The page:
From flat Peten District to Guatemala’s mountains. A region largely inhabited by the Mayas. A visit to Semuk Champey along the mountains to Nebaj and down to Lake Atitlan, Finally a visit to the incredible market of Chichicastenango.
Coban, 19th January
A last beer in Flores.
The next morning, we desperately try to escape continuous rain and humidity.
We’re on the way to Coban some 270 km to the south.
The 1st part thru the rather flat Peten District, then a small ferry and …
… later up to 1500m in the Alta Verapaz District. A pretty traditional area.
It’s thru coffee plantation country. Unfortunately, still no sun in sight, but dense fog.
Coban, the District Capital of Alta Verapaz. Today still Guatemala’s center of coffee production. Not really much to see, except a few colonial buildings in the center, a pretty strange modern construction in front of the cathedral and …
… the adjacent market.
Lanquin, 21th January
The next morning we’re on our way to Lanquin. To visit Semuk Champey. The place you have to admire in bright sunlight. But still, there’s rainy weather.
On the way some more coffee plantations.
A drive high up into foggy areas.
The last 10km a steep descent on a gravel road.
The road is pretty ok, just muddy from continuous rain.
And visibly not easy to be driven by overloaded tuk tuks.
Lanquin: a village with a kind of end-of-the-world feeling. Pretty small, a central plaza to exchange the latest news – despite the fact that by now internet has arrived in town.
The small market. Somehow you have the impression the locals are a little tired of all these tourists passing thru without buying anything.
Despite its small size – the ultimate place to go shopping for the latest fashion.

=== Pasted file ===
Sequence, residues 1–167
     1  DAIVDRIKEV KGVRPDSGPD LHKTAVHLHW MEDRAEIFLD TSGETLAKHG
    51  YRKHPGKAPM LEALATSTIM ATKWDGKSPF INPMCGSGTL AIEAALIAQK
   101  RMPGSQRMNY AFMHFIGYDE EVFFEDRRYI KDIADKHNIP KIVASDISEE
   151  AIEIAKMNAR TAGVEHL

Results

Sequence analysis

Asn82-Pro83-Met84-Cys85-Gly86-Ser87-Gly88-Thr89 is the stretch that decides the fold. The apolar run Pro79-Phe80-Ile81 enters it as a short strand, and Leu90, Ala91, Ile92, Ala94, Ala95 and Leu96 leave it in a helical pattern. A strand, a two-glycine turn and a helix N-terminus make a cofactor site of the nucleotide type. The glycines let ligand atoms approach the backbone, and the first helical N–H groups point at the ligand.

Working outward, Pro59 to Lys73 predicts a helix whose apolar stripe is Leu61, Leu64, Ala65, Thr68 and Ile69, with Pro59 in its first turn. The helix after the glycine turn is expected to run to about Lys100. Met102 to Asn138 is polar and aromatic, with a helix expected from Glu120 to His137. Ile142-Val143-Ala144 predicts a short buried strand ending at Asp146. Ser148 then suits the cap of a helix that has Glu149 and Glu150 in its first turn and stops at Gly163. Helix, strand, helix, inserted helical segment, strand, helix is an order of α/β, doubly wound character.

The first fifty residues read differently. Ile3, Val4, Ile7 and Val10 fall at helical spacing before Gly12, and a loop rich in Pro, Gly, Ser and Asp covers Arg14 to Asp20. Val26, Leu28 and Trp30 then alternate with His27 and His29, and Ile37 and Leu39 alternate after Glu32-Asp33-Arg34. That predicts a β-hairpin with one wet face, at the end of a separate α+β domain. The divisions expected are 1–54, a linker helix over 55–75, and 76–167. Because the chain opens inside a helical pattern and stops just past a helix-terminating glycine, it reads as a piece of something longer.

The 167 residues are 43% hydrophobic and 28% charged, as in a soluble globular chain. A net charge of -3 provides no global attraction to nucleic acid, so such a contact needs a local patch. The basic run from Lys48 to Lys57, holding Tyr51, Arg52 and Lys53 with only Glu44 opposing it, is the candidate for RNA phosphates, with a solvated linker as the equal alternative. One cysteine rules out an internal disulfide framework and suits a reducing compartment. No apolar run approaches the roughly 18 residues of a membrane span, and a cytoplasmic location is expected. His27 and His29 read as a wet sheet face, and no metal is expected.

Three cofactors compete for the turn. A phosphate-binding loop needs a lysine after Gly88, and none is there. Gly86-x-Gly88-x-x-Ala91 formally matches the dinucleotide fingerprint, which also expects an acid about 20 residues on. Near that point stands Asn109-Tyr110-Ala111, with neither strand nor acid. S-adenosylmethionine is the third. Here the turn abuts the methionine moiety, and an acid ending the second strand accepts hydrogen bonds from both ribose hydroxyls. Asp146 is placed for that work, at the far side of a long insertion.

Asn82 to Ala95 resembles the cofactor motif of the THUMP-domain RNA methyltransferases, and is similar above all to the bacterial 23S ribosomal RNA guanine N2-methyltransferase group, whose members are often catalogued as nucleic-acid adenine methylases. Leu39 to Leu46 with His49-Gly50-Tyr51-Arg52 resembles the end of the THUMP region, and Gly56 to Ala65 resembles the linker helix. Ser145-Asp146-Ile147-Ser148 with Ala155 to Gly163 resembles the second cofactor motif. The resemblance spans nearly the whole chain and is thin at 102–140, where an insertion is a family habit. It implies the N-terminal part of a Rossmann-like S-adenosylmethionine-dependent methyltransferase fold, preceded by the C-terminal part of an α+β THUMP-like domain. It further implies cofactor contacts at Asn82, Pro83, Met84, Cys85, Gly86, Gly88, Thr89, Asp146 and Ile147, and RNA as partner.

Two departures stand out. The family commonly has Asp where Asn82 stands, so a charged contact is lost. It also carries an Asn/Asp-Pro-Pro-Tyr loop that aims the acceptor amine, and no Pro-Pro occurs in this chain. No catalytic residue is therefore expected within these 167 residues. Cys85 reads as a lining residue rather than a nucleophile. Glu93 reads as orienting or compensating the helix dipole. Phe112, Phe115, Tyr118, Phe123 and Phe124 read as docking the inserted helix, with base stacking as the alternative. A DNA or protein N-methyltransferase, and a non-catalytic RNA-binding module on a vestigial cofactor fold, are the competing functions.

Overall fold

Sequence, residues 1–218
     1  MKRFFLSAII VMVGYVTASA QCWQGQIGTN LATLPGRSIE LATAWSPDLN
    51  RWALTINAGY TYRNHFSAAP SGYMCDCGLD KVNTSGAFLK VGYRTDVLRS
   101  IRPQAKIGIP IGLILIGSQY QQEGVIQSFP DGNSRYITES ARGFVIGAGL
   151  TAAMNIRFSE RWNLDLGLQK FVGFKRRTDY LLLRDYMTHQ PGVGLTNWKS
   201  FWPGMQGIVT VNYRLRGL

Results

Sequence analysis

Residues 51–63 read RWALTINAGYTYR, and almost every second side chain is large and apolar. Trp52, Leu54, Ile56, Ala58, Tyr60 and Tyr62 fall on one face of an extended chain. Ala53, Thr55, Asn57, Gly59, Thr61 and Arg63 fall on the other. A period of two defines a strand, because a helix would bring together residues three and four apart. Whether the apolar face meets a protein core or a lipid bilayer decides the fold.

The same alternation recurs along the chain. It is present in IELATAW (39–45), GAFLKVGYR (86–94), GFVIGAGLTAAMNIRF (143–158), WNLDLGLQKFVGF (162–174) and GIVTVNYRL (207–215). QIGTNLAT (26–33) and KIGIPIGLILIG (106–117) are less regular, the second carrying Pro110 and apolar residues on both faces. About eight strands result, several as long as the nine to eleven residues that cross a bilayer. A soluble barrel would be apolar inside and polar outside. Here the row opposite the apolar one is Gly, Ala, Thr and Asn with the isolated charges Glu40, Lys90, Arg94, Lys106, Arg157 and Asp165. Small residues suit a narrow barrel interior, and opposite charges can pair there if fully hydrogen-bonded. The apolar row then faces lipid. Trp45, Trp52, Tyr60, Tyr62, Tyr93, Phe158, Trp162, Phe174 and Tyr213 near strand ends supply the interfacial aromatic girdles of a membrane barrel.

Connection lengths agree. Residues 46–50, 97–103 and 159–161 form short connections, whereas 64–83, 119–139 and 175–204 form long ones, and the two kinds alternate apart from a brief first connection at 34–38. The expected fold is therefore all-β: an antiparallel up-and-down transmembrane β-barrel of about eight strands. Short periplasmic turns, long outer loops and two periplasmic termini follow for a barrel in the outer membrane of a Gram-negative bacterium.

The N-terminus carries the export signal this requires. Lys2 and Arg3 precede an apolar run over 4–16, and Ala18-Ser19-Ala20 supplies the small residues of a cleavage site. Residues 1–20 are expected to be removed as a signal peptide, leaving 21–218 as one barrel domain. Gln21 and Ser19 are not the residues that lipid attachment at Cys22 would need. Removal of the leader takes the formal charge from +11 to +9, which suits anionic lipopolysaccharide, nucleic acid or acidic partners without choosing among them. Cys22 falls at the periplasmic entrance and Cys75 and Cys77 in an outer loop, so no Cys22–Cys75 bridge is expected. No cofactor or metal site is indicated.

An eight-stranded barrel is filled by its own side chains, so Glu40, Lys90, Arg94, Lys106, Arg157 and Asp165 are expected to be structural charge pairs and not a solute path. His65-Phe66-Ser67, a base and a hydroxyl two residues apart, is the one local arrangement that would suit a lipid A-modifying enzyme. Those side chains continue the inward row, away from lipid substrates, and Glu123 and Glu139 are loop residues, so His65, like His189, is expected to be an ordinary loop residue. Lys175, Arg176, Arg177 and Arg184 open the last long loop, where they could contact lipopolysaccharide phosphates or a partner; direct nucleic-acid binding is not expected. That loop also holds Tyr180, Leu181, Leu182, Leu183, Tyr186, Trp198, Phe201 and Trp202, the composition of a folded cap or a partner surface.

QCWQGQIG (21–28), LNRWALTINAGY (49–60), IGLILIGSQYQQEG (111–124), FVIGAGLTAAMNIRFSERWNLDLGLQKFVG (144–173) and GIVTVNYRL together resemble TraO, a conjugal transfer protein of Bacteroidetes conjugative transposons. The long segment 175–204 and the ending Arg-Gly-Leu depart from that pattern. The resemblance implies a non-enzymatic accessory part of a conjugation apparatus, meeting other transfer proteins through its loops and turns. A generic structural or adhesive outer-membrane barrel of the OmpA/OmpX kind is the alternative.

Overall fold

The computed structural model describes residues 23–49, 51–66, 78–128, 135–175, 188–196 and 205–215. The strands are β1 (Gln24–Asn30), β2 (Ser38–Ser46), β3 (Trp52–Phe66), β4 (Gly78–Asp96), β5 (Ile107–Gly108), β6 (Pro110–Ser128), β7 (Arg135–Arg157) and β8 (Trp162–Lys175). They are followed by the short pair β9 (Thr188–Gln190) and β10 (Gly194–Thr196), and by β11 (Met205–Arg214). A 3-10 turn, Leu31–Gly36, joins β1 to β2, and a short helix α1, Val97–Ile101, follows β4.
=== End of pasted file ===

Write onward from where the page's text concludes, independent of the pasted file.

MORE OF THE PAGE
On to the church. A very atmospheric place. The building has obviously never been renovated. Insight a lot of candles. Great place to visit.
The whole night it rains. Constantly. We’re developing plans to drive back to Coban without having seen famous Semuk Champec. The famous 300 m long natural bridge over River Cahabón with a series of turquois basins on top. At least if there’s sun.
Nevertheless, the next morning weather has slightly improved. Thus, we’re immediately on the way before rain starts again.
As the road is extremely muddy and slippery we decide to take a Collectivo. A chance to get our ultimate massage provided by the road’s potholes and the car’s nonexistent shock absorbers.
A little over 1/2 h and we arrive. We’re astonished how few tourists are currently visiting. Probably it’s just a consequence of the bad weather.
We pay an entrance fee. Then we’re on the way to the famous Mirador. A steep’n’muddy path to the top of a hill, partly with wooden stairs.
30′ and you’re up. Just ready to admire the fabulous view a few 100 m below. Despite the weather.
A steep’n’slippery trail down and you’re at the upper basin. The place where the river disappears in the underground and the bridge begins …
… then the basins.
Then we’re already at the end of all this beauty. Just 300m from the starting point.
Nebaj, 23rd January
The next morning: We’re ready to move on. Fortunately, the weather looks pretty good.
Nevertheless, we’re still back in the mud, driving up to the highway and on to Coban.
The next day on to Nebaj. Just 125 km. But on a road thru the mountains, thus a few vertical km to add – on pretty steep slopes. Sometimes we have the impression an ascend with less than 20% is forbidden in Guatemala.
In San Cristobal Verapaz a very short stop. Not because it’s ugly or boring, just there’s no legal parking for Prado. And the town is police infested.
Shortly later gravel starts. Just for some 30 km. The road high above a valley, later a steep descent.
Back to the asphalt. Some stunning mountain scenery – and many veggy gardens.
Late afternoon we arrive in Nebaj. We expected a small village in the mountains. Ways off – it’s a midsize town in a valley.
Sneaking thru the CBD.
A visit to the central square. Visibly the town is nearly 100% populated by indigenous Maya. The Ixil with their very specific language and clothing.
And it’s 1 of the areas were the military regime in the 70ies and 80ies committed some of the most brutal crimes during their operations to contribute to Cold War and the well-being of the United Fruit Company.
A stroll thru the market, …
… many opportunities to admire the Ixil Maya’s colorful hair brides and …
… finally, a couple of beers at Vallhalla’s – a somehow weird bar. At least in a place like Nebaj.
But exactly the right place for us as well as for many Nebajies.
Panajachel, 26th January
We’re on the way to Panajachel at Lake Atitlan. It’s just a little over 130km.